Presentation to by presmaster


									                                    Presentation to
                         Round Table on Information Access
                         For People with Print Disabilities Inc.

                                   Annual Conference

                                        May 2004


                                      Rob Fawell
                      Technical Coordinator, Alternative Formatting
                                Psychology Department
                          University of Southern Queensland
                                      Trudy Haak
                                Disability Support Officer
                                    Student Services
                          University of Southern Queensland

Specialised CCTV for Visually Impaired Student

Key Objective of Presentation
        Showcase a specialised CCTV that has been designed, constructed and
         operationalised to meet the particular needs of a student with a severe visual

The presentation of a student with a severe visual impairment last year provided
University of Southern Queensland an opportunity to explore resources that would
adequately support this student. Fortunately, the previous manager of the psychology
department’s computer labs had some experience working with visually impaired
people in the community and was available to work with us. His creativity and
ingenuity enabled us to provide workable cost effective solutions for this student. One
such solution was a devise that would enable her to read more independently.

Profile of Student and her needs
The student is an international student with Stargardts Macular Dystrophy, a
degenerative visual condition resulting in the loss of visual acuity or sharpness of
vision, decreased color vision and small blind spots. Consequentially this student has
very poor central vision and requires magnification of printed material to font size 36.
She uses ZOOMTEXT on her laptop and required a devise that enables her to read
printed materials such as correspondence from the university, library materials,
newspapers etc. This enables her to quickly access materials when she needs to
without having to rely on electronic print.

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Design and Construction Process
Given that the student requires equipment to assist her with independent reading, we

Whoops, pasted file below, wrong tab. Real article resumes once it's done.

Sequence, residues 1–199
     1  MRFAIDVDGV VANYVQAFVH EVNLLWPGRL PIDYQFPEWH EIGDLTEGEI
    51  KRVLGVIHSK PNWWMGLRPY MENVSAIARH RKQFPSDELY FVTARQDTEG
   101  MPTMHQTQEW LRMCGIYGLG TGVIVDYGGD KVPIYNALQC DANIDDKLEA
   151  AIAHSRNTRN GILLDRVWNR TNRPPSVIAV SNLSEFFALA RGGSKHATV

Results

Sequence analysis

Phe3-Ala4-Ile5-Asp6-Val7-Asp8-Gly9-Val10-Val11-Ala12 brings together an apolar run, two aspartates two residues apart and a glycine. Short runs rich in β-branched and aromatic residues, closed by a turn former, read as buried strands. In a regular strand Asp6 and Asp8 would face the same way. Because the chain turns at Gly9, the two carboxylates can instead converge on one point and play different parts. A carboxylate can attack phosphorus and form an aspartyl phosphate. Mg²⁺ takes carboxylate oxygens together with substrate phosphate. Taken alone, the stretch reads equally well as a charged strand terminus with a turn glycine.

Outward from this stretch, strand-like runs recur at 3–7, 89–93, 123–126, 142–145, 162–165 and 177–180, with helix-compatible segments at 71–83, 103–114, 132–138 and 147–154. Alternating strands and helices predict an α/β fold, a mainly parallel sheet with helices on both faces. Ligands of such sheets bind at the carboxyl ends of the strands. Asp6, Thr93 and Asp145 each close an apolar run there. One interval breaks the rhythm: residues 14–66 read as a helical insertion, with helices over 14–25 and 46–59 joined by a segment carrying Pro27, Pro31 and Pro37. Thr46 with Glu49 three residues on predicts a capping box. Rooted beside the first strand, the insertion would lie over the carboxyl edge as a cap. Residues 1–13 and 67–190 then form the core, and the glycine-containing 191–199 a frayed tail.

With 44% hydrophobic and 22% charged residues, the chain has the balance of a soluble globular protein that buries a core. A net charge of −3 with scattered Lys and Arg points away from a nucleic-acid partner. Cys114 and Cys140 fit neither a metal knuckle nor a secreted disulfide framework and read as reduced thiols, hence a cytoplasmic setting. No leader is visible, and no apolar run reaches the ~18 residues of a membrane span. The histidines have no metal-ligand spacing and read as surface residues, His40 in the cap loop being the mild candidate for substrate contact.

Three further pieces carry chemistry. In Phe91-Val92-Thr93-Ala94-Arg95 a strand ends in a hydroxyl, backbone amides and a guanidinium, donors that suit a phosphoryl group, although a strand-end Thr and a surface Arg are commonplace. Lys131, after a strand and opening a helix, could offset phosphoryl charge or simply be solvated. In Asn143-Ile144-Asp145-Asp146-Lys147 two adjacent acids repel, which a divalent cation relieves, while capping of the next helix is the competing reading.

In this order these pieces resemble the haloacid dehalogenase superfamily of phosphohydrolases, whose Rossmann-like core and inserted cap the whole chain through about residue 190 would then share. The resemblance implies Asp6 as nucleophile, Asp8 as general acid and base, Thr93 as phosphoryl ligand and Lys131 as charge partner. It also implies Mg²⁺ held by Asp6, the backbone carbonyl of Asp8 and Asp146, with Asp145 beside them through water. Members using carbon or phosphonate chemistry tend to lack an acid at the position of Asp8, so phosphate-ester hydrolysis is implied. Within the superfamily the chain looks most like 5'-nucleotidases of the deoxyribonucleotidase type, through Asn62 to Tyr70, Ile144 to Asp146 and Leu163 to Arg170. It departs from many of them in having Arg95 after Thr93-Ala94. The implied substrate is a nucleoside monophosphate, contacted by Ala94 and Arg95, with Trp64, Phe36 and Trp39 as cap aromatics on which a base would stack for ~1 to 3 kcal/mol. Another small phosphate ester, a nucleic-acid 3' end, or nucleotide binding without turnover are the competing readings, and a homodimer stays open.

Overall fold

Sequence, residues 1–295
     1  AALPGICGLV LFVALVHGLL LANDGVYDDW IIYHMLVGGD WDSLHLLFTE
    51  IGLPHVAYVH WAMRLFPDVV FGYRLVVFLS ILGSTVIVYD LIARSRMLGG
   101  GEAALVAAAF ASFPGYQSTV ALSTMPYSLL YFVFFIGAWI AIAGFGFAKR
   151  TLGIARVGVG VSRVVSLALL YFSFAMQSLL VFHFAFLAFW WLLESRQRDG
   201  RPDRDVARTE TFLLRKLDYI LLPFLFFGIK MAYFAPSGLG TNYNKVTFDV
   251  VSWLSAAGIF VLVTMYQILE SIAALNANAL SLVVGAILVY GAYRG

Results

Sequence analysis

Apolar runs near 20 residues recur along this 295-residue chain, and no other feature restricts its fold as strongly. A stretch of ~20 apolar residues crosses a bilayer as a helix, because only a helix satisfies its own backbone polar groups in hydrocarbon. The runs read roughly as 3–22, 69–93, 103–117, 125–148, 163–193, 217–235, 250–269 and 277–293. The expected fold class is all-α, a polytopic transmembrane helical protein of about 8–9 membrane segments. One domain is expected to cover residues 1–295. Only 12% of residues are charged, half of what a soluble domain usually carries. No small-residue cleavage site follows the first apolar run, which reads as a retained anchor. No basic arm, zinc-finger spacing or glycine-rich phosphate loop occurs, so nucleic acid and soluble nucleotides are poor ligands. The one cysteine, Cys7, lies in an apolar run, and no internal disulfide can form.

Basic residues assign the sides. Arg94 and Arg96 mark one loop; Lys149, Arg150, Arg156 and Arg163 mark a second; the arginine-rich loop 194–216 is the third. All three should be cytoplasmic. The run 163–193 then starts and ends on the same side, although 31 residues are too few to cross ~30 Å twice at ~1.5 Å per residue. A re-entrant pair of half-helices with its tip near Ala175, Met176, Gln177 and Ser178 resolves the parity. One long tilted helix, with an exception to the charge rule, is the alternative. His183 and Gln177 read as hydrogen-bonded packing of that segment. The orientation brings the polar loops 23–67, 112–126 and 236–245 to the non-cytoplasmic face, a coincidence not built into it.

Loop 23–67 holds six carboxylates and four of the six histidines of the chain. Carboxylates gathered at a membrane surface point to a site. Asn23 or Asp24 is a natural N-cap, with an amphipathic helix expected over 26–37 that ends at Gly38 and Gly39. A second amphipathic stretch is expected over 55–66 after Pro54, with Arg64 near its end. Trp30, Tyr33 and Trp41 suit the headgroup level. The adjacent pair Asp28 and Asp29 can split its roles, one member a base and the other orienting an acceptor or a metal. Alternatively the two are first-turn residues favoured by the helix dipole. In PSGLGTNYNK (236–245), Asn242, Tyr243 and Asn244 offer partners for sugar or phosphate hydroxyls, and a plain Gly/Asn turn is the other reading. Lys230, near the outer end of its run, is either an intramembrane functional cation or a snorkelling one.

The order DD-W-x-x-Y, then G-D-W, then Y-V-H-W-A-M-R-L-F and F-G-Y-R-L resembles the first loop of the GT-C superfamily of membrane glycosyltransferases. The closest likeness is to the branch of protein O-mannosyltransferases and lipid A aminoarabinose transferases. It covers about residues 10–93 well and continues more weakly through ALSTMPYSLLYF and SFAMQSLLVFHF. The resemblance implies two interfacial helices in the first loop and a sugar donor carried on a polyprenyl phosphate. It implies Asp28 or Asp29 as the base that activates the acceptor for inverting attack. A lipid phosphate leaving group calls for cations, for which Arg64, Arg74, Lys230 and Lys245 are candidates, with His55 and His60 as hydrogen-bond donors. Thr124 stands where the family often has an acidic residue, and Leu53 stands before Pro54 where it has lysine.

investigated available CCTVs. After trialing two stand mounted CCTVs, the student
found that moving reading materials under magnifiers was cumbersome and did not
meet her specific visual needs. Rob Fawell, our Technical Coordinator investigated
other more cost effective solutions which would enable the student to read more
effectively and assist her with toggling between a magnifier and her laptop.
Consequentially, a camera/monitor reading facility has been designed, constructed
and trialed using off the shelf components which are inexpensive, portable and
intuitive to use. These components include a small camera placed at the end of a
pantograph and connected to an LCD screen.

Technical Description
An LCD monitor (Panasonic Panaview model TX-LCD155 AU$450) was used as the
display. This allowed for the connection of both computer and composite video inputs
with a toggle between the two. A small monochrome surveillance camera QC3474
(purchased from ‘Vidcam’ AU$100) was mounted on a pantograph type apparatus,
constructed in the USQ Science workshop by Oliver Kinder, approximately 50mm
from the desk surface. The pantograph is mounted to the rear corner of a desk and
has sufficient movement to cover a standard newspaper and is constructed with
sufficient rigidity so as to support the weight of the users arm. Small focusing
adjustments are required for varying text thicknesses.

Demonstration of Equipment
The CCTV will be demonstrated in conjunction with the use of a laptop.

Operational Issues and Solutions
This semester, the student commenced trailing the CCTV. She reports that she is
gaining confidence with the use of the devise and frequently uses the CCTV to read
printed material such as her texts, correspondence, learning materials etc. This has
assisted her with reading more independently. Possible improvements of the device
include making the pantograph height adjustable in relation to the desk. This would
allow for differing levels of magnification.


This process has been a valuable learning exercise and required the cooperation of
the student, technical staff and disability services staff.

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